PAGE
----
The HuffPostLive segment featured several individuals that have spent time reflecting on prenatal testing and Down syndrome. Dr. Brian Skotko, who has published multiple studies on how diagnoses are delivered and how families and those with Down syndrome evaluate their experience living with Down syndrome; Stephanie Meredith, the author of Understanding a Down Syndrome Diagnosis, one of the three recognized resources by the American College of Medical Genetics and Genomics; Alison Piepmeier, who is conducting interviews with those about their experience with prenatal testing for Down syndrome; Anne Drapkin Lyerly, an OB and past chair of ACOG’s ethics committee, who is expecting her fifth child (who I’ve featured in recent posts); and, Heather Hicks, a blogger at 321mama.com. The discussion was lively, with one particular part generating a lot of comments.
Dr. Skotko has a sister with Down syndrome; Meredith has a 13-year old son with Down syndrome; Piepmeier’s daughter is in elementary school and has Down syndrome; and Hicks has an infant son with Down syndrome. The moderator, Dana Takruri, I would hazard to guess based on her word choice and phrasing of her questions does not have a loved one with Down syndrome.
From the start, when introducing the discussion about the “new tools” offered by Non-Invasive Prenatal Screening (NIPS), she says there is a panel to discuss when the results show “something may be wrong and what is a mother to do?” Near the end she invites Meredith and Piepmeier, as moms, to share with Heather what she can look forward to in raising a child with Down syndrome. This beginning and ending display an objectification of lives with Down syndrome, despite comments in the middle trying to make the key point to avoid this.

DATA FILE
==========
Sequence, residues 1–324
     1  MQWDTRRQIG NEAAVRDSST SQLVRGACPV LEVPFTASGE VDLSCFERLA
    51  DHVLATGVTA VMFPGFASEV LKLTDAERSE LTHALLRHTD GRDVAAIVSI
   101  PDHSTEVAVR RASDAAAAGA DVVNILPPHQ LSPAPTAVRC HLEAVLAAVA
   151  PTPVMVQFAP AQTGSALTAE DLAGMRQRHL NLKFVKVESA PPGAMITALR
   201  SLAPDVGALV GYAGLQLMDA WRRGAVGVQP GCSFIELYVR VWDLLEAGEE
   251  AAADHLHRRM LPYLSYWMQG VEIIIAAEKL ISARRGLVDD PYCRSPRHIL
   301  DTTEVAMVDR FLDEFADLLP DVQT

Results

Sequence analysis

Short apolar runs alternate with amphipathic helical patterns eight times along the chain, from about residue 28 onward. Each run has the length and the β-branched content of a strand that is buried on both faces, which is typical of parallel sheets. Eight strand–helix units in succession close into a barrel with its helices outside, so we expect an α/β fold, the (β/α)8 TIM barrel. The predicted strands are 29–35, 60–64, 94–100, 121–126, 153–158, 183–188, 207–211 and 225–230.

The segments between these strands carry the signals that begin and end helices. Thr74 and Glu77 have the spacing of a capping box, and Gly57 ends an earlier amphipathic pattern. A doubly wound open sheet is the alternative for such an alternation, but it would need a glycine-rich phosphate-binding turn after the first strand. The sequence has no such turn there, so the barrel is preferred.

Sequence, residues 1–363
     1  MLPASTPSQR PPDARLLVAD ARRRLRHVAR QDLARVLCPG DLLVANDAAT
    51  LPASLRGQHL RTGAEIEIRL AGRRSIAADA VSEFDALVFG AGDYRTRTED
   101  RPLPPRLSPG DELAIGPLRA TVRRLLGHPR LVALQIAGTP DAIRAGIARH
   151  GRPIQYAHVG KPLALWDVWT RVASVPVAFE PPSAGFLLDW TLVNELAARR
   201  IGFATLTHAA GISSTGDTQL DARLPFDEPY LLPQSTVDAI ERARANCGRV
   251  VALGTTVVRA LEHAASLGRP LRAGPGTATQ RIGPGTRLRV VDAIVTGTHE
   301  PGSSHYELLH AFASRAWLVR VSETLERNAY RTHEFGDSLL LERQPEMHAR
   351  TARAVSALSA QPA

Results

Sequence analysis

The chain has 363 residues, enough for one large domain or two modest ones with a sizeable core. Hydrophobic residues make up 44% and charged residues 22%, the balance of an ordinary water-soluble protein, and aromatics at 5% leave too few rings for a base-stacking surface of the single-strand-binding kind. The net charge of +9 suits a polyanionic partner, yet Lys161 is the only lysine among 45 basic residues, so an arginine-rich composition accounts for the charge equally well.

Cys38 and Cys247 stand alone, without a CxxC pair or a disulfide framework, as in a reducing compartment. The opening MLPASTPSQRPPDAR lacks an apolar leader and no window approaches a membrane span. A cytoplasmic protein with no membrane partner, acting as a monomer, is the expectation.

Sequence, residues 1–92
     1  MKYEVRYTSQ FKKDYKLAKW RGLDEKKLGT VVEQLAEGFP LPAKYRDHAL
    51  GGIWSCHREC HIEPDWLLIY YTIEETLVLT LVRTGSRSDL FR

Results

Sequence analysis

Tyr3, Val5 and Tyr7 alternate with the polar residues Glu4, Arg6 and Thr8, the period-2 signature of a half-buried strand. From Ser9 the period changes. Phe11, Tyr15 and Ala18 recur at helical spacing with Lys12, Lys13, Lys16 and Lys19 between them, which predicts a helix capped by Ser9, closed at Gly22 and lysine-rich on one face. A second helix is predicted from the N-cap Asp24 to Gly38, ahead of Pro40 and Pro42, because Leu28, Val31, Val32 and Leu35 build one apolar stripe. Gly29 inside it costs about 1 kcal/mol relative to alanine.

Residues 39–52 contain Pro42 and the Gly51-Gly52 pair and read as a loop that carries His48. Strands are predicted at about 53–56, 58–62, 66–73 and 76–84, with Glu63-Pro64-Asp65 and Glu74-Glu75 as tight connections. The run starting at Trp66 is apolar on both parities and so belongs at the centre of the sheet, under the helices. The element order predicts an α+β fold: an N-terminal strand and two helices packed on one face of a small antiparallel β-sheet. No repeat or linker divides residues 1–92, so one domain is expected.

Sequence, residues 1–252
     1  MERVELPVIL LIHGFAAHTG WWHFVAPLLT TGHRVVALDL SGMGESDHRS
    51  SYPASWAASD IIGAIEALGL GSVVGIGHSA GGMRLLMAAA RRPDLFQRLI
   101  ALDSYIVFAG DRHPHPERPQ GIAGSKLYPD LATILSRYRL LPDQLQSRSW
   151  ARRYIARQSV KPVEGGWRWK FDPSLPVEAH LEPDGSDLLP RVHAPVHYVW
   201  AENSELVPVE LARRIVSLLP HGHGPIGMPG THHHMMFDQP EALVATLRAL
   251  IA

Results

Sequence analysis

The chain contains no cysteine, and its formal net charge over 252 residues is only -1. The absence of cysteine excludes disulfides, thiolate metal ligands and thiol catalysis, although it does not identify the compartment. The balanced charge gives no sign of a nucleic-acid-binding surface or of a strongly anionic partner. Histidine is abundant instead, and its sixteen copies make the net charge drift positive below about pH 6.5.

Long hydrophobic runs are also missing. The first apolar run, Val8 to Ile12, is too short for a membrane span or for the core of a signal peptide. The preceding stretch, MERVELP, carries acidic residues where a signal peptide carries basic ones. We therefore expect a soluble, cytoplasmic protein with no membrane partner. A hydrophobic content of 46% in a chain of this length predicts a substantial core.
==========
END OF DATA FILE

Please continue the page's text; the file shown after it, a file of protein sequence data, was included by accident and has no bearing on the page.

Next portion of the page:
I don’t know Takruri and, having moderated panel discussions myself, I sympathize with trying to keep all the plates spinning–getting everyone involved, respecting each other’s time, listening to what is being said, while simultaneously keeping an eye on the clock to make sure the segment doesn’t run over. So, I give her the benefit of the doubt that she did not intend anything negative when, in an effort to compliment the moms on the panel, she said, “Hats off to you ladies.” This was the line that generated the comments.
Takruri’s question following the “Hats off” comment was directed to Piepmeier, a director of Women and Gender Studies at the College of Charleston. Piepmeier took the opportunity to echo the advice given recently on what NOT to say to moms of children with special needs.
Saying “Hats off,” Piepmeier explained, was actually not a compliment as it suggested that moms raising children with Down syndrome are doing something foreign from what all moms are doing in just raising their kids. Piepmeier emphasized that in talking about her being a mom to a child with Down syndrome, we are talking about a human being who is living in the world with the rest of us human beings. It is a key point, that unfortunately must be made because of the reductionist nature of prenatal testing.
Prenatal testing takes a pregnancy carrying a child–more often than not a wanted child, even if the pregnancy was unplanned–and reduces that pregnancy and child down to the results of the prenatal test. This obscures that the test simply identifies one characteristic of a multi-faceted being. Piepmeier’s simple reminder that we’re talking about a person who is living in the world is one that is needed to be kept in mind when discussing a test result for Down syndrome.
Listening to the discussion reminded me of how I felt after reading about Ota Benga.
In 1906, Benga was a member of the Mbuti pygmy tribe who was taken out of Africa by a missionary. But, when the missionary became penniless, he turned Benga over to director of the Bronx Zoo, who placed Benga in. a. zoo. exhibit. with. an orangutan. Tens of thousands of people came to the zoo to see the exhibit where a sign was posted outside the Monkey House. One visitor is quoted as asking, “Is that a man?”
That question, and Benga’s experience of being put on display as though he was some exotic species (the zoo director believed pygmies to be a sub-race) was echoed by the way Takruri asked her questions about living a life with Down syndrome. Again, I don’t know her, and this juxtaposition is not to impugn Takruri as viewing individuals with Down syndrome as a sub-race. But I thought of Benga because Takruri’s clumsy, insensitive way of discussing the topic is actually reflective of how many, if not most, people seem to approach viewing a life with Down syndrome: as something “other,” that is to be examined like a thing on exhibit, instead of appreciating a life with Down syndrome as first a life that is being lived among us. Perhaps if more people shared that appreciation, there would be better discussions and better counseling about prenatal testing for Down syndrome.